But I’ve never seen the flip side, what’s been happening the last few weeks.
The truth is we actually feel as confident as ever. I was 0-for-whatever when I went up to the plate in the ninth inning with Homer Bailey throwing a no-hitter. I was certain I was about to break it up. Absolutely sure. Well, you know how that turned out.
The point is we’re as confounded as you are. We had a hitter’s meeting with Bochy and Bam-Bam in Colorado. We’re doing everything we can. I watched video of myself comparing recent at-bats to ones earlier in the season. I noticed I was lifting my hands too high during my load, which caused my shoulders to go up, which meant I used my shoulders to swing instead of my hands. I worked on it and felt better at the plate in Cincinnati. My first at-bat there I hit a line drive into center. I thought, OK, finally! I thought it was a double. I’m rounding first, look over and see Choo running it down. Another 0-for day.
That’s baseball. When it’s not going well, it’s really not going well.
Very glad to get a hit yesterday to break the streak, but obviously we need to string a few together.
Away from the field, I take a break from the game by playing PSP. Of course, I’m playing the MLB game. I don’t keep precise track of my record in PSP but I have not lost 10 of the last 11. Baseball is a lot easier when all you have to do is push a button.
I also relaxed on our off day in Colorado by going to see “This Is The End’’ with Belt and Kontos.They’d already seen it but thought it was so funny they wanted to see it again. It was hilarious. A good escape for a few hours.
We have Bum on the mound today against the Dodgers. It’s amazing that as bad as we’ve been going we’re still only five games out of first. Anyone can win this division. It’s going to be a great second half with everyone contending.
A lot of people ask me about Puig. As a fan, which I still am, you always like to see players like him. He reminds me a lot of Mike Trout. He even runs like him. I was on the bench (when I jammed my fingers sliding into second) when he had his first at-bat against us. He swung what looked like a protection flick on a change-up to send the ball foul. I thought, “Wow, that’s going pretty far for flicking it foul.’’ Then it sailed fair into the stands for a home run. I was like, check that guy’s bat. I couldn’t believe it.
I could do without seeing any more of that in person this season. He can save it for Arizona and Colorado and San Diego.
I’ll end this by telling you we’re working as hard as ever. We’re as confident as ever. And there’s still half a season left to play. We have too many great players to continue the way we have. This is the same team that was so good at making comebacks last season and earlier this season. You can’t make a comeback unless you’ve fallen behind. Time for the comeback.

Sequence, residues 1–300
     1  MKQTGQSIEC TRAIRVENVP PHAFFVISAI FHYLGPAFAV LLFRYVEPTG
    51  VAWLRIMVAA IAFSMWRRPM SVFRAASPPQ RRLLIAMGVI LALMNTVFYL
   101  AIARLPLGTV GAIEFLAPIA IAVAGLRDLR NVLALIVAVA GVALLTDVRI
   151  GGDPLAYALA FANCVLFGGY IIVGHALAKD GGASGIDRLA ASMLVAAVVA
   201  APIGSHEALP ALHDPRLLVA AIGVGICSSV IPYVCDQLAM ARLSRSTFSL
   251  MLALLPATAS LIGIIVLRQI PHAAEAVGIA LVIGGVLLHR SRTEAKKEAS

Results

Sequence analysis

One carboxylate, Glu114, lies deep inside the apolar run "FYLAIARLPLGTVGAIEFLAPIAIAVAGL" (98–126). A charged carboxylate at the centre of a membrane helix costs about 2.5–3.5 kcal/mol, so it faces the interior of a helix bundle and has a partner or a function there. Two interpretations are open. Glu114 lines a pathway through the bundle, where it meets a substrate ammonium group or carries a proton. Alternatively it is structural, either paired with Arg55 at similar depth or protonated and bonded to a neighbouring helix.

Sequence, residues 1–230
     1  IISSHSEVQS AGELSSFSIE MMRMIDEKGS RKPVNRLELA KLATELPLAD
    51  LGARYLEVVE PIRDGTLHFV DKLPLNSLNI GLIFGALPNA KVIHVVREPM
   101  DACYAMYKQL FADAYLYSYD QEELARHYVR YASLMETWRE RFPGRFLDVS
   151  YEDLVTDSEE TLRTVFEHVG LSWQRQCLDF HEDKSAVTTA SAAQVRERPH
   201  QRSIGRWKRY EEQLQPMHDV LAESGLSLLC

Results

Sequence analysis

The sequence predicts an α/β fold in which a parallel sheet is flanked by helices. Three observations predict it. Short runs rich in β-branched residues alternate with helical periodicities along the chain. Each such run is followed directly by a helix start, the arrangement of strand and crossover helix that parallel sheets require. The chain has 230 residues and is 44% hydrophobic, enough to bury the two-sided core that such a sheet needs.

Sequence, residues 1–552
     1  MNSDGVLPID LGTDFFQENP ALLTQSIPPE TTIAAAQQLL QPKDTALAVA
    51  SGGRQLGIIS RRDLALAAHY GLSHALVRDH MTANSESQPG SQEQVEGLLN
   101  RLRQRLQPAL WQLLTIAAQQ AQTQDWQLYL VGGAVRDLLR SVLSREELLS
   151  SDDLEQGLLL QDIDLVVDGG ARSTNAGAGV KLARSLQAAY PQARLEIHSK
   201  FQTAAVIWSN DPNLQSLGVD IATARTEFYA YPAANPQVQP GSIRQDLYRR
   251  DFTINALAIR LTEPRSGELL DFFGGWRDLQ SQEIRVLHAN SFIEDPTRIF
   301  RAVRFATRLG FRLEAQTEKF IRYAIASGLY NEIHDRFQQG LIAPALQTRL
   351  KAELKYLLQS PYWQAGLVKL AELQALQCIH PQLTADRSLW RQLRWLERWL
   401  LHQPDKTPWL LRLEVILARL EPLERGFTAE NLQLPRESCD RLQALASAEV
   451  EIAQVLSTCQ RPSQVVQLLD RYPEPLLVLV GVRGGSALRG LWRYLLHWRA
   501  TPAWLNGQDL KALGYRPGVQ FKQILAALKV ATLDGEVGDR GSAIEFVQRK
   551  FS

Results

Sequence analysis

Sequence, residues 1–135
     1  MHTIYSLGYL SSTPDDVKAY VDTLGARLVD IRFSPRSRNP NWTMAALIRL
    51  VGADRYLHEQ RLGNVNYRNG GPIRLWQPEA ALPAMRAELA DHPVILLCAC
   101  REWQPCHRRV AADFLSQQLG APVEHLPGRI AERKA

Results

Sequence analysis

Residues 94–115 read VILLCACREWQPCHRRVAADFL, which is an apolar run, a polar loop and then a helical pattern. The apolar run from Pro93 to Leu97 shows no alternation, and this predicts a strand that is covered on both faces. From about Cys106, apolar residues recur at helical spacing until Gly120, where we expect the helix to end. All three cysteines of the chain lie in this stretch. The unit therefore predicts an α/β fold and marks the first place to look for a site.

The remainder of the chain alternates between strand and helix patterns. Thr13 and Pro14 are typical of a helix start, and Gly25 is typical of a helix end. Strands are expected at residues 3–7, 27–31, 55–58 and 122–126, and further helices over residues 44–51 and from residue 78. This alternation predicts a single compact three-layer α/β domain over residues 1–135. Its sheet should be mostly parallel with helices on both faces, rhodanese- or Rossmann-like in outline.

It’s great to take two of three from the Padres and make up ground. The Marlins are coming in next, and even though they don’t have a great record, they’re not a team we can take lightly. Since nobody in our division has taken off with the lead, now’s a good time for us to make a move. When we get everybody back in the lineup, that will be a boost right there.
I did my usual movie binge on the road. On our off day in Pittsburgh, I saw two movies back to back. I saw “Purge,’’ which was disappointing. And “Now You See Me,’’ which was really good. I saw “Star Trek’’ on another day. I’m saving the Jonah Hill/Seth Rogan movie for the next road trip.
Other than seeing movies and playing baseball, I basically slept. When we’re back east, I’m awake all night and sleeping during the day. I guess it’s the time change. I don’t adjust well. I can play just fine, but my sleeping is all off. Three nights in a row, I fell asleep around 7 in the morning. I watched TV all night — movies, sitcom reruns like Seinfeld, Everybody Loves Raymond, Frasier. I keep watching and watching and I never get tired of them.
Haylee met up with me in Atlanta after spending time with Ali Bumgarner in North Carolina. She texted me a video of her driving a backhoe. I don’t know if they were building something or planting something. Looked like she was just digging a hole. It was just funny listening to her and watching her try to do it. “I don’t know what this thing does! I forgot how to do it!’’ But actually it looked like she did a good job.
She also rode a horse. I don’t know if she had ever ridden one before, to be honest with you. Other than that, I have no idea what else she and Ali did. All kinds of hillbilly stuff is my guess. But I think they had a good time.
My dad came to Atlanta. He drove up with some of his co-worker buddies. So we hung out with them. We had night games, so we went out afterward. Which was great. Less time to kill later on watching TV.
Tonight I’m attending a dinner with Haylee and a few teammates at the park here for AT&T. I think Crawford, Affeldt and Lopez will be there, too, and Bochy. It’s always better to go to these events after a win. We’re much better company.
I’ll be watching from the dugout today, only the second time this season I’ve done that. And the first time because of an injury. When I jammed my right-hand index and middle fingers trying to steal second yesterday, I couldn’t tell right away if I could still play or not. The trainers said they weren’t broken, so I went back out for the start of the next inning. Good thing nothing came to me. The pain had arrived full force. When Cain struck somebody out and we were throwing the ball around the infield, I had to chuck a palm ball to Scutaro. I couldn’t use either finger.